Click to view the posters in PDF
PSSeal and Reservoir Characterization of Upper Slope Fan Lithofacies:
Example of High-Frequency Variability
William C. Dawson1, William R. Almon1, and S.J. Johansen2
Search and Discovery Article #40124 (2004)
*Adapted from poster presentation at AAPG Annual Meeting, Dallas, Texas, April 18-21, 2004; closely related poster/article, prepared and presented by Wm. R. Almon and Wm. C. Dawson, is entitled "Seal Character and Variability Within Deep-Marine Depositional Systems: Seal Quantification and Prediction" (Search and Discovery Article #40125).
Conventional cores of a lowstand sequence (interpreted as a slope fan) reveal fine-scale variability within potential seal and reservoir units and provide insights concerning depositional process, sedimentation rates, and stratigraphic compartmentalization, which are below wire-line log and seismic resolution. The lower cored interval consists of dark gray to black foraminiferal shale representing slow (hemipelagic to hemi-turbiditic) deposition during a highstand. This maximum flooding shale is a major correlation marker because of its distinct gamma ray signature; it has an erosional upper contact (sequence boundary). This erosional contact is overlain by stacked, fining-upward stratal packages consisting of: deformed, argillaceous, fine-grained sandstones; sandy mudstones; and very silty gray shales. The sand-prone units consist of thinly interstratified shale, siltstone, and sandstone interpreted as blocks of levee deposits that probably slumped into channels. The interstratified sandy mudstones represent thin debris flows. Compartmentalization by numerous shale laminations and clay smears (along micro-faults) is conspicuous. The character of this argillaceous slope-fan reservoir is interpreted as poor (< 10% porosity). Results of high-pressure mercury capillary injection analysis reveal excellent seal character (10% nonwetting saturation > 10,000 psia) is exhibited by these shales below the sequence boundary. In contrast, silty shales and argillaceous siltstones from the overlying lowstand units have moderate to poor seal potential. Seal character is related to shale texture and fabric, content of detrital silt, early marine diagenesis (carbonate cementation), and stratigraphic position. These data provide a compelling argument for textural control of seal character induced by high-frequency sedimentary cycles.
Several important discoveries have been made in channelized slope fans along the margin of West Africa and other deepwater basins (Weimer et al., 2000; Prather, 2003). Seismic elements isolated from within these muddy slope packages commonly exhibit sinuous patterns on plan-view maps (Kolla et al., 2001; and Fonnesu, 2003). In offshore Angola, and elsewhere, these sinuous features are interpreted as migrating deep marine channels that acted as conduits for turbidity flows (e.g., Sinclair and Tomasso, 2002). High-resolution data (wire-line logs and cores) reveal very complex association of lithofacies within this depositional setting.
Considerable by-passed oil (~30% OOIP) can be trapped in thin-bedded channel-margin lithofacies (Weimer et al., 2000). Recognition of shale occurrences, bed thickness and geometries, and variations in net-to-gross are major issues related to maximizing hydrocarbon recovery from fine- to very fine-grained, channel-margin reservoirs and associated channel-levee units. In particular, slumping, small-scale faulting, and the presence of mud drapes reduce intra-reservoir connectivity and lower recovery efficiency. Furthermore, facies-influenced diagenesis can induce variations in reservoir character.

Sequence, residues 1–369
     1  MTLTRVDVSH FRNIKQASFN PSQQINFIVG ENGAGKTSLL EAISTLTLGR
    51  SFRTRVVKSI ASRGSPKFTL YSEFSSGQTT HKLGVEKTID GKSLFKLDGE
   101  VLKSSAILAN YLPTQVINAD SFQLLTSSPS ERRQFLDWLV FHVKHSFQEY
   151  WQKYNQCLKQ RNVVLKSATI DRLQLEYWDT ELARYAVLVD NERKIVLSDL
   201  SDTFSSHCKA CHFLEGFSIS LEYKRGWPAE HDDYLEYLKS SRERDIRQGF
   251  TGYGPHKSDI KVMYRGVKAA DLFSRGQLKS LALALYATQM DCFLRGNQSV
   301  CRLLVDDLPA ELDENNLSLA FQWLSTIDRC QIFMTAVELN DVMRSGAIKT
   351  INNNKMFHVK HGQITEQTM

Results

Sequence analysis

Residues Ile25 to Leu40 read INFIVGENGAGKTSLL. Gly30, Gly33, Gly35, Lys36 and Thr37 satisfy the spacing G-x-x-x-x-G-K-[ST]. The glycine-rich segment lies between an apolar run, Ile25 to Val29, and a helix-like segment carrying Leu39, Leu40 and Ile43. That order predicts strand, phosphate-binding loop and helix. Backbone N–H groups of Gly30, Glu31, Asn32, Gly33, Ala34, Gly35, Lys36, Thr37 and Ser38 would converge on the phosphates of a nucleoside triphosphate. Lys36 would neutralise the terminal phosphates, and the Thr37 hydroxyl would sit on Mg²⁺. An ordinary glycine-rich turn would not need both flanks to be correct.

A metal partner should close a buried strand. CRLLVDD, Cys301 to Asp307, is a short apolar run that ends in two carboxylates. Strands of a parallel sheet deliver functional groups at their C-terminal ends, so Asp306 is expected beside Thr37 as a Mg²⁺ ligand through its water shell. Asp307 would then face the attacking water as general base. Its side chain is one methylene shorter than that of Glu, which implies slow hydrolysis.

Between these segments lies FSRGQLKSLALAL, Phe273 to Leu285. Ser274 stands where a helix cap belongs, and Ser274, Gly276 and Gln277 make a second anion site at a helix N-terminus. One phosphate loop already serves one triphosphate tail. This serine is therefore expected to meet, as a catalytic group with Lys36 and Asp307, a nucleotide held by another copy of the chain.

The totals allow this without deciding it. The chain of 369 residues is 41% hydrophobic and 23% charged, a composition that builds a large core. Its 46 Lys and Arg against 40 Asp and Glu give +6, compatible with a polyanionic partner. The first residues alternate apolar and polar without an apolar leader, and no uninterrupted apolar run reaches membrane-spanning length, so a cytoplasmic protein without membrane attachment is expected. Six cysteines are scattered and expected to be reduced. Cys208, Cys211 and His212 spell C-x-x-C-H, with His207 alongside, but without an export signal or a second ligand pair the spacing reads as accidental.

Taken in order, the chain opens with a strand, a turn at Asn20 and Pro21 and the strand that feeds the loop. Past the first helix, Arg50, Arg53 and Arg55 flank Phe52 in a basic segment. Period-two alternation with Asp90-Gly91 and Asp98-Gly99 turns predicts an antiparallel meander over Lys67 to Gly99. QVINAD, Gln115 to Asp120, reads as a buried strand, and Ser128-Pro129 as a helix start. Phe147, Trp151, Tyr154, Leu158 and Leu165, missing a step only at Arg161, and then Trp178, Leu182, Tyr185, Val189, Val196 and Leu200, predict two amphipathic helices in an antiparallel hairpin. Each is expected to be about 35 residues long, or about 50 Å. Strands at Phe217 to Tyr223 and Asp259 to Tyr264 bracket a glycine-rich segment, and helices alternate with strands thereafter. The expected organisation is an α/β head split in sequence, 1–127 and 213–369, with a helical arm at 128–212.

Fine-scale variability in lithofacies and reservoir character is not evident from seismic data. Detailed (foot-by-foot) comparison of cores and wire-line log curves is critical to the development of reservoir models. This sub-seismic variability may control the economic viability of a prospect.
8035 to 8057 feet
Lithology: Yellowish-orange, fine-grained sandstones, interstratified with dark gray shales, argillaceous siltstones, and pebbly mudstones. Convoluted bedding is developed throughout.
Wire-line log character: GR curve has an irregular profile reflecting thin alteration of shales and sandstones with values ranging from 30 to 80 AMP units. Resistivity log compromised by washout and caving of bore hole.
Interpretation: Lowstand systems tract (slope fan depositional system). Probable abandonment channel filled with slumped channel-levee blocks and debris flow lags.
8057 to 8068.4 feet
Lithology: Moderate dark gray to grayish black noncalcareous shales. Sub-fissile with scattered lenses of siltstone. Bedding ranges from planar to convoluted.
Wire-line log character: Slightly elevated GR (~ 90 API units) with low resistivity values (1.2 to 2 ohms).
Interpretation: Minor condensed interval separating two stacked channel-levee units or shale-filled channel (abandoned channel).
8068.4 to 8105.25 feet
Lithology: Complex of thinly interstratified oil-stained, yellowish-gray, fine-grained sandstones, argillaceous siltstones, dark gray shales, and pebbly mudstones. Exhibits syndepositional deformation (convoluted laminae) and microfaulting.
Wire-line log character: GR ranges from 20 to 85 API units (fining upward). Resistivity readings vary between 2.5 (siltstones) and 45 ohms (oil-bearing sandstones).
Interpretation: Lowstand systems tract (slope-fan depositional setting). Probable abandoned channel filled with slumps (levee-derived) and debris flows.
8105.25 to 8117.5 feet
Lithology: Grayish black to brownish black shales. Less calcareous than underlying unit. Sub-fissile with moderately developed laminations.
Wire-line log character: Modest resistivity (~ 25 ohms) with depressed sonic (100 to 110 ms/ft). Exhibits prominent GR spike (160 to 175 API units).